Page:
LAKE PLACID - Village and town officials here plan to weigh in on Adirondack Health's plan to convert the 24-hour emergency room at the Lake Placid hospital to an urgent care facility.
A joint meeting between the Lake Placid village Board of Trustees and the North Elba town board is scheduled for 4:30 p.m. May 28 at the town hall on Main Street.
"The village board and the town board will discuss a direction we want to go in terms of a statement letter to the (Adirondack Health) board of directors that will be delivered prior to their meeting at the end of May," North Elba Supervisor Roby Politi said during Tuesday's town board meeting.
Politi said he hopes Adirondack Health's board of trustees will delay its vote on whether to convert the ER. The board is expected to make a decision at its May 30 meeting.
"I have spoken with state leadership, I've spoken with federal leadership and I've spoken with the (state) Department of Health, and this decision is going to be made by the board of directors of Adirondack Medical Center and no one else," Politi said. "It's totally their decision and the town and the village can have a position on this but ultimately, it's those folks on that board of directors who are going to be making a decision on the direction of the Adirondack Medical Center and the Lake Placid emergency room."
Several audience members asked questions Tuesday. One man, who didn't give his name, asked if the loss of the emergency room will impact Lake Placid's ability to host international winter sports competitions.
Politi said he spoke to Councilman Jack Favro, director of the Olympic Training Center in Lake Placid, about the United States Olympic Committee's stance on the matter.
"The response really is, as it is in most places, 'As long as there's a facility in close proximity,'" Politi said. "If you're in Baldassare or St. Moritz or any of those places and someone gets hurt badly, you're on a helicopter and they may be going 50 miles or more. I didn't find that there was a lot of strength in that particular argument."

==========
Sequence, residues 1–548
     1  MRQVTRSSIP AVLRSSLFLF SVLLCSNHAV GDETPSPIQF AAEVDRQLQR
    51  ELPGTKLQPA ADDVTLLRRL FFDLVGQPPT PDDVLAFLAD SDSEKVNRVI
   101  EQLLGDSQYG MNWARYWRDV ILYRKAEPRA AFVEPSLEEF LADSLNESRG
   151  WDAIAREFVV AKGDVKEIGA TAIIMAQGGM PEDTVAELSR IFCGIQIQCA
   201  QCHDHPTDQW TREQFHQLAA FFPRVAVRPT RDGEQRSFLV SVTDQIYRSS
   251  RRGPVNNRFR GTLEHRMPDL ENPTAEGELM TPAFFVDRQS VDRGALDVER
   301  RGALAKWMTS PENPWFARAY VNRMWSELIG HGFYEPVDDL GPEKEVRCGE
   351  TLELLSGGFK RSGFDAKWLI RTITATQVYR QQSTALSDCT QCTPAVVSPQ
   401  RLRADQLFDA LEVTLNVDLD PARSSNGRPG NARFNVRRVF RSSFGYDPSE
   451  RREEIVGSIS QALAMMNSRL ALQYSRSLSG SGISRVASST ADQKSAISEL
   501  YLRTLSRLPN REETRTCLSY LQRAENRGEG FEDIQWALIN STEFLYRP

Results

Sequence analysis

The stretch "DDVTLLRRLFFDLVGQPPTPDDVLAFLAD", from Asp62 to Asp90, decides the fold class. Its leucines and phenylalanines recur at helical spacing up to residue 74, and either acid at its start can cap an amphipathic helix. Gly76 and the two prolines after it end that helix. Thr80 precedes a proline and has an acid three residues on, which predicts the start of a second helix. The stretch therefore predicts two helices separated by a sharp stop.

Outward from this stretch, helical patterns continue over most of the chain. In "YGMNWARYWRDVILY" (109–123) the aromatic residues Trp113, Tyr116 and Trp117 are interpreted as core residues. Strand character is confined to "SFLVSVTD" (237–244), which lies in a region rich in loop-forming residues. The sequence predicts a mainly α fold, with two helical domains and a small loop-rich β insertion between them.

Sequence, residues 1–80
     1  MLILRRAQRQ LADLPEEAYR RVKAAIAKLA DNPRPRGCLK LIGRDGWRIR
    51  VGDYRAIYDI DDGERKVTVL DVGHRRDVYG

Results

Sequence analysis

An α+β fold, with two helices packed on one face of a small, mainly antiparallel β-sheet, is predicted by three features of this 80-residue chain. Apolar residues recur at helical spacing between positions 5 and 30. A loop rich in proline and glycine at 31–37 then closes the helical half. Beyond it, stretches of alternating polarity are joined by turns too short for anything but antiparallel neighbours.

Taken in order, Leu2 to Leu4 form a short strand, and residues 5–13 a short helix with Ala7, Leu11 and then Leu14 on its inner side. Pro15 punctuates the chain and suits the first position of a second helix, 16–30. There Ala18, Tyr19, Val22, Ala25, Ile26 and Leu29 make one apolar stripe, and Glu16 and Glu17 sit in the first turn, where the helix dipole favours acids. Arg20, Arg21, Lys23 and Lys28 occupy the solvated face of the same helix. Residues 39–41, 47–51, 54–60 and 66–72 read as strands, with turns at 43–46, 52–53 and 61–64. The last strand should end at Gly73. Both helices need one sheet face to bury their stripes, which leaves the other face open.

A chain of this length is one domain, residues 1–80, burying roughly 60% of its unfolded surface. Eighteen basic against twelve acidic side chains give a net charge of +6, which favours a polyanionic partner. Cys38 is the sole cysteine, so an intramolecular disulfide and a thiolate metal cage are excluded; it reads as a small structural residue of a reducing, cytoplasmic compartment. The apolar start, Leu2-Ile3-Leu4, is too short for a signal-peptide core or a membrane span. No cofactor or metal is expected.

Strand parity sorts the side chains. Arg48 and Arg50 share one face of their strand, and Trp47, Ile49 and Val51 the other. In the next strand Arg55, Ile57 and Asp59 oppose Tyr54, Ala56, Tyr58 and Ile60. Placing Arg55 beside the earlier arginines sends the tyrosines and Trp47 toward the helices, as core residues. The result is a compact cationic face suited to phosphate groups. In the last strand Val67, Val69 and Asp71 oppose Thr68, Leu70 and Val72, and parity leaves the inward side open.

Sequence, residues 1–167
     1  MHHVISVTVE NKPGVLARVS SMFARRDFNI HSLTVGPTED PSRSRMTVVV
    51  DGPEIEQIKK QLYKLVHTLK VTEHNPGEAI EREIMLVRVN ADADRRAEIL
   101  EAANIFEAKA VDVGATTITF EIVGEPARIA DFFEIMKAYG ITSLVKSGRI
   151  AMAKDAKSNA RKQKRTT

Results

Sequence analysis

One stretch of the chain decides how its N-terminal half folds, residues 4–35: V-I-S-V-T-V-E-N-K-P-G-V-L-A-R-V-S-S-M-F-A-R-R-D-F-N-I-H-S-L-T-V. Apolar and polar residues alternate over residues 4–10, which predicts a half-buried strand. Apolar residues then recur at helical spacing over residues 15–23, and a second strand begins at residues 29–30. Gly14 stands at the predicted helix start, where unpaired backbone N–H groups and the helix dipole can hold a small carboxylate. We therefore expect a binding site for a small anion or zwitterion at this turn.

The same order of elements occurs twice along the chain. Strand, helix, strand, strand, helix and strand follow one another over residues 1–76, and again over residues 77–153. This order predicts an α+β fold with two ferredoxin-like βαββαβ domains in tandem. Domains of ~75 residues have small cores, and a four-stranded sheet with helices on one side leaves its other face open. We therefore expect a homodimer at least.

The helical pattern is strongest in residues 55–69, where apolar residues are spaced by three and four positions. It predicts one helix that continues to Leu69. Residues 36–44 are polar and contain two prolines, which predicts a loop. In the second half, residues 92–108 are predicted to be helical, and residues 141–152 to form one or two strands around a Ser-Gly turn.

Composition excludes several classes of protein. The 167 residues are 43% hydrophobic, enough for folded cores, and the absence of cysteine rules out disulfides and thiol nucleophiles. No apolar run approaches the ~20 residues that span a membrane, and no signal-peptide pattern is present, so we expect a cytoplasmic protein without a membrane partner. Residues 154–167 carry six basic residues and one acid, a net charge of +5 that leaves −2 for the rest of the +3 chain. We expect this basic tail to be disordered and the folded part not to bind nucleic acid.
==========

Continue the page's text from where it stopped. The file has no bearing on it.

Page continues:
There were also several questions about the town's option to buy the hospital property for $10 should Lake Placid lose its 24-hour emergency room. Politi stressed that the town's option is in place "forever.
"The only way that they could sell the building would be if they opened a 24-hour emergency care facility in Uihlein (Living Center), and then moved there and then sell the building while they're still there," he said. "I can assure you that I'm a good negotiator. I wouldn't worry about that."
Politi said he thinks nobody will end up getting what they want.
"If you've been doing this as long as we have, you come to realize that, unfortunately, everyone wants more services, less taxes and no change," he said. "I wouldn't want to be on their board of directors right now. Are there going to be any winners here? Probably not. It's probably all losers. Both sides."
At Monday's village Board of Trustees meeting, Mayor Craig Randall said Essex County Emergency Services Director Don Jaquish wrote the village this week "encouraging us to be very thoughtful of the impacts on our other community resources" that the ER-conversion could create.
"I think we're all aware of the fact that it affects emergency ambulance services," Randall said. "And although 911 calls may get addressed by appropriate people, the closing of the emergency room - which basically, today, is where many people go when they don't know where else to go or there is no place else to go in the community - basically, we don't know how they're going to deal with those people."
Contact Chris Morris at 891-2600 ext. 25 or firstname.lastname@example.org.